As described by the United States officers, the hot wind blistered the faces of the men exposed to it. Every metallic object was burning hot; the coolest substances were the inner surfaces of the clothing. If a pool of fresh water were found to bathe in, the skin was instantly afterward left dry and parched. The perspiration evaporated as rapidly as it was produced. The hills on each side are precipitous cliffs of limestone and sandstone in horizontal strata. On the east they are rugged mountains 2,000 to 2,500 ft. high, traversed by deep chasms, desolate and bare of vegetation. On the west the height is estimated at 1,500 ft.; but the summit level upon the whole is little if any higher than the surface of the Mediterranean. The whole range along the western shore is limestone, similar to that in the neighboring hills. On the shore and hills are also found large blocks and rocks of a black and inflammable bituminous stone, susceptible of a high polish, which is employed by the natives in mosaic pavements and in making trinkets for pilgrims. On the southwest are the remarkable salt hills of Usdum, which are the principal source of the extreme saltness of the water.
On the southeast, beyond the marshes, are sandstone mountains, a continuation of the Edom range, which give place to limestone in the valley of Kerak, but appear again below the limestone mountains of Moab. The peninsula El-Lisan is a post-tertiary deposit of carbonate of lime and sandstone, disintegrated and intermixed with sulphur. On the N. E. angle are large quantities of post-tertiary lava, pumice stone, and various kinds of volcanic slag. - Mr. Costigan, who surveyed the sea in 1835, with a Maltese sailor as his servant, died soon after completing its tour. Lieut. Molyneux of the royal navy met the same fate in 1847. Two of the seamen belonging to the American expedition were sent to the convent of Mar Saba for relief, and Lieut. Dale, the second officer, before the party left the country, fell a victim to the fever at Beyrout, where Lieut. Lynch also and nearly all his men were attacked by the same disease. In March, 1848, the latter party, despatched by the United States government, and well equipped, passed across, with their boats drawn on trucks by camels, from the bay of Acre, over the mountains of Lebanon, and launched them in the lake of Gennesaret. Thence they descended the Jordan, entering the river on April 10, and passing out of its mouth into the Dead sea on the 19th of the same month.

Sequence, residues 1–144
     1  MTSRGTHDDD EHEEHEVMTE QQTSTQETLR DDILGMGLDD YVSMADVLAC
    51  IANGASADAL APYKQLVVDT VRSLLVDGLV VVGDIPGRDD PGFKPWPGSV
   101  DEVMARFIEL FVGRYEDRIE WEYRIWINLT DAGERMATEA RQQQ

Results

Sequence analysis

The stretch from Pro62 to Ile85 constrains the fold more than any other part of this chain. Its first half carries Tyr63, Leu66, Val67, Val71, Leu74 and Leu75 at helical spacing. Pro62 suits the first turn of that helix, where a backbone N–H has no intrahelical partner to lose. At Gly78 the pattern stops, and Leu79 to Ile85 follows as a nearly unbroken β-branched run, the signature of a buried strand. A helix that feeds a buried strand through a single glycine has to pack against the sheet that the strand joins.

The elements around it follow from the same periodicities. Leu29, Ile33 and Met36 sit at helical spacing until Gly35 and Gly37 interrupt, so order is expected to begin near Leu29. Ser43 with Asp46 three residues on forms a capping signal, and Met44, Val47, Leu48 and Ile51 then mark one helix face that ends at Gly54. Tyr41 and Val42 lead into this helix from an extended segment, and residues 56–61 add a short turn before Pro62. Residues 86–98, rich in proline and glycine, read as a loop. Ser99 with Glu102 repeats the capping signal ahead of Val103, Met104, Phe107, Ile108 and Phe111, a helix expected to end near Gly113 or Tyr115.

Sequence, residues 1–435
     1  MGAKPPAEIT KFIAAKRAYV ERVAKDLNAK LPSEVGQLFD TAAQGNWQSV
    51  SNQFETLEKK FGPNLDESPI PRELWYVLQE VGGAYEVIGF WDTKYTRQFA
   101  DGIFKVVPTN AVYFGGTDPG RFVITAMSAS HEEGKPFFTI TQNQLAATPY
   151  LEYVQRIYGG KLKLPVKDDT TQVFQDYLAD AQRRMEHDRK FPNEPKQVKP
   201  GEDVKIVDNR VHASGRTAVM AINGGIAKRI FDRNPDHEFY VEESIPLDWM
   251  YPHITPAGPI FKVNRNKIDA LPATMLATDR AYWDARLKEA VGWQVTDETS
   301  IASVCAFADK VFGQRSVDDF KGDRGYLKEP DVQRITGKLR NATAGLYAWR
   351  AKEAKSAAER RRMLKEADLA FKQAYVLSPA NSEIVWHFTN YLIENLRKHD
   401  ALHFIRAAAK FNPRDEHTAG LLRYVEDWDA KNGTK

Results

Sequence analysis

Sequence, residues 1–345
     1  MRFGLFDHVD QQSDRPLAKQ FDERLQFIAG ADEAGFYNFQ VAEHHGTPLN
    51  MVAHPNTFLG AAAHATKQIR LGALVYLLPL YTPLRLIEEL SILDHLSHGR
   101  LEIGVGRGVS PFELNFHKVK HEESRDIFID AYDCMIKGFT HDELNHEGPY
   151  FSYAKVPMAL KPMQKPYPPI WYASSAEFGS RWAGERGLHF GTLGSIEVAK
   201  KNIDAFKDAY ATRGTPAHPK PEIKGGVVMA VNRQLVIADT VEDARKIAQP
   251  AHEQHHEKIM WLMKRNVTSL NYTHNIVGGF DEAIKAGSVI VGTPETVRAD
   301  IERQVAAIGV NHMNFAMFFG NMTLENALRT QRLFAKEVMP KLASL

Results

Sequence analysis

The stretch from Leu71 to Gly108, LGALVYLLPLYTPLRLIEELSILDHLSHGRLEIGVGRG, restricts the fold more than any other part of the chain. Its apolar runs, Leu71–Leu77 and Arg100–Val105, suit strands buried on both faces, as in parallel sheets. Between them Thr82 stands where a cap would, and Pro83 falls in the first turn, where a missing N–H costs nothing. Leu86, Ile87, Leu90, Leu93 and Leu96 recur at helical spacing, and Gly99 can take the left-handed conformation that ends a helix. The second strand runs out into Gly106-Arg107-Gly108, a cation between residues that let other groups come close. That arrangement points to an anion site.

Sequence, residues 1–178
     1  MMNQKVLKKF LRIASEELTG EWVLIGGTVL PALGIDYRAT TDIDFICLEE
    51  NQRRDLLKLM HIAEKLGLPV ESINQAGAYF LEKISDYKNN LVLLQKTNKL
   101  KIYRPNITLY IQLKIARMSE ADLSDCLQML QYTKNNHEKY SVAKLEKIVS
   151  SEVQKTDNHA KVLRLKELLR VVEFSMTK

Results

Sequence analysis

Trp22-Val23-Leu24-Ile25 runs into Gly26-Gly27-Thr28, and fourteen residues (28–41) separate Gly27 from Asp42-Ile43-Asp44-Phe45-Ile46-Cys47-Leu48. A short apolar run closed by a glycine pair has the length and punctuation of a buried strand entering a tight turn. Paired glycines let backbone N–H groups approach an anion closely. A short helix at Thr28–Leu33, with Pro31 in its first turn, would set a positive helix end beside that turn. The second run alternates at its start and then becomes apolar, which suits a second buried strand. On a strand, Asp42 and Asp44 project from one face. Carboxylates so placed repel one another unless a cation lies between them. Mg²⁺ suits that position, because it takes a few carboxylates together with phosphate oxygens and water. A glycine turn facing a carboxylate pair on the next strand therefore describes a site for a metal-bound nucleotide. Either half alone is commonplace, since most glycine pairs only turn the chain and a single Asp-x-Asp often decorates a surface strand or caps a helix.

They spent 21 nights on the shores of the Dead sea, and after having thoroughly explored the region, they left it on May 10, sending their boats across the desert to Jerusalem. Contrary to the opinion generally entertained regarding the pestilential atmosphere of,this neighborhood, they found numerous animals living upon the shores of the lake, as doves, hawks, partridges, and hares, and also ducks swimming upon its surface; and a curious fact regarding the birds, insects, and other animals here met with, is that they are all of a stone color, described as "the same as the mountains and the shore." In the sample of water brought back by the party no vestige of animal life was detected; but in Jameson's "Philosophical Journal" of February, 1850, it is stated that Ehrenberg found an abundance of infusoria of brackish.water species in samples of the water and sediment brought to him for examination. The want of vegetable matter for food must necessarily to a great extent exclude animal life. A few plants which furnish soda in their ashes are occasionally found on the shore, and at the foot of the cliffs is noticed a scanty vegetation of cane and of the tamarisk shrub, their foliage sometimes of a light green and sometimes of a yellow hue, stained by the exhalations of sulphuretted hydrogen; but the few bushes to be seen often present their branches leafless and incrusted with salt; and the trunks of dead trees scattered here and there add to the desolation of the scene. - De Saulcy came to the conclusion that the sites of Sodom and Gomorrah are to be sought for on the W. shore, and that those cities were not submerged, as is generally supposed.
He found extensive ruins on the N. side of the mountain of Usdum, and a mile and a half to the northwest other ruins, which last he believed to be those of Zoar. - Various analyses have been made by eminent chemists of the water taken from the lake, the results of which differ, in consequence no doubt of the different seasons of the year and portions of the lake at which the samples were taken, and also of the different methods of conducting the analyses. The specific gravity, as stated by Lavoisier and Klaproth, is 1.24; by Marcet, 1.211; by Gmelin, 1.212; by Apjohn, 1.153; by Salisbury, 1.1877; and by Lynch, 1.13. The constituents are thus given by different authorities:
Chloride of potassium...
Bromide of magnesium..
Sulphate of lime.....
Carbonate of lime....
Hydrated sesquioxide of iron....
Nitrogenous organic mat.
Solid parts in 100....
Muriate of lime......
Sulphate of lime.........
The first of the above analyses, from Poggen. dorff's Annalen, is of a sample of the water procured from the north end of the sea, near the mouth of the Jordan.